Bil’s rating (out of 5): BBB
Original Title: Singularidades de uma Rapariga Loura
Portugal/Spain/France, 2009. Filmes do Tejo, Les Films de l’Après-Midi, Centre National De La Cinematographie, Câmara Municipal de Lisboa, Eddie Saeta S.A., Fonds Eurimages du Conseil de l’Europe, Fundação Calouste Gulbenkian, Instituto do Cinema e do Audiovisual, Lusomundo, Ministério da Cultura, Radiotelevisão Portuguesa, Televisio de Catalunya, Tobis Portuguesa, ZDF/Arte. Adaptation and Screenplay by Manoel de Oliveira, based on short story by Eca de Queiros. Cinematography by Sabine Lancelin. Produced by Francois d’Artemare, Maria Joao Mayer, Lluis Minarro. Music by Ana Paula Miranda. Production Design by Christian Marti, Jose Pedro Penha. Costume Design by Adelaide Maria Trepa. Film Editing by Manoel de Oliveira, Catherine Krassovsky.
It’s hard to ignore director Manoel de Oliveira’s age when assessing the qualities of films he made late in his career, in this case a film that was released after he had turned 100 years old. Short, soft and told in a minor key, it’s a lovely featurette based on the 19th century story by Eça de Queirós but set in the present day, in which a young man named Macário (Ricardo Trêpa, the director’s grandson) rides a train next to a stranger (played by Leonor Silveira) to whom he tells his tale of woe. We flash back to when Macário was working as an accountant for his uncle’s classy department store, sitting in an upstairs office and gazing out the window while poring over ledgers when he spots a beautiful woman in the building opposite his.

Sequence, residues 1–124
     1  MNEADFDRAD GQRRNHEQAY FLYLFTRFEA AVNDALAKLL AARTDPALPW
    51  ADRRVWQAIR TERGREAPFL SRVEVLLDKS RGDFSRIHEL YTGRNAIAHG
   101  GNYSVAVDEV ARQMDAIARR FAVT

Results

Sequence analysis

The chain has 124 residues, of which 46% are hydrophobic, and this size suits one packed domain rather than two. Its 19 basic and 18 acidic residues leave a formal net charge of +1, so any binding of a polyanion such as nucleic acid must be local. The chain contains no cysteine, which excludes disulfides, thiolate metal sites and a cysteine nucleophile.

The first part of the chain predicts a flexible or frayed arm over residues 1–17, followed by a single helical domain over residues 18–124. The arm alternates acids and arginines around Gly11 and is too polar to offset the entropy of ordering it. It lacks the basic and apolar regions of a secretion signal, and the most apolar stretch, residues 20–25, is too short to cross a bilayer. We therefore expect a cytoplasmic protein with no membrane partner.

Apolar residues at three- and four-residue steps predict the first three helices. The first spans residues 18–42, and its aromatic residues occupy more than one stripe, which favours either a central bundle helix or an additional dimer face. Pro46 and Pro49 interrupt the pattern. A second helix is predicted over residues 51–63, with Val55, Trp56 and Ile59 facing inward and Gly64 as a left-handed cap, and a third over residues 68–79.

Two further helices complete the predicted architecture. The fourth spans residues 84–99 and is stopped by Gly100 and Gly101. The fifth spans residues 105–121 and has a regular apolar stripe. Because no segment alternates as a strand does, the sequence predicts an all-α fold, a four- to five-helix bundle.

He learns that her name is Luisa (Catarina Wallenstein) and meets her at a salon during a musical performance, and the two develop a mutual attraction and decide they want to marry. His uncle tells Macário that he does not give permission for this marriage and fires his nephew instead, necessitating that the young couple delay their nuptials until he gets himself financially stable again.
He is sent on business to Cape Verde by shifty businessmen who take advantage of his good nature, but our hero is faithful and his good nature eventually brings him close to his goals: the question is, is what he wants actually what he needs? A careful-what-you-wish for scenario is played with subtle comedic charm in a film whose intentionally antiquated dialogue and carefully measured performances give it the feeling of enchanted poetry.
Toronto International Film Festival: 2009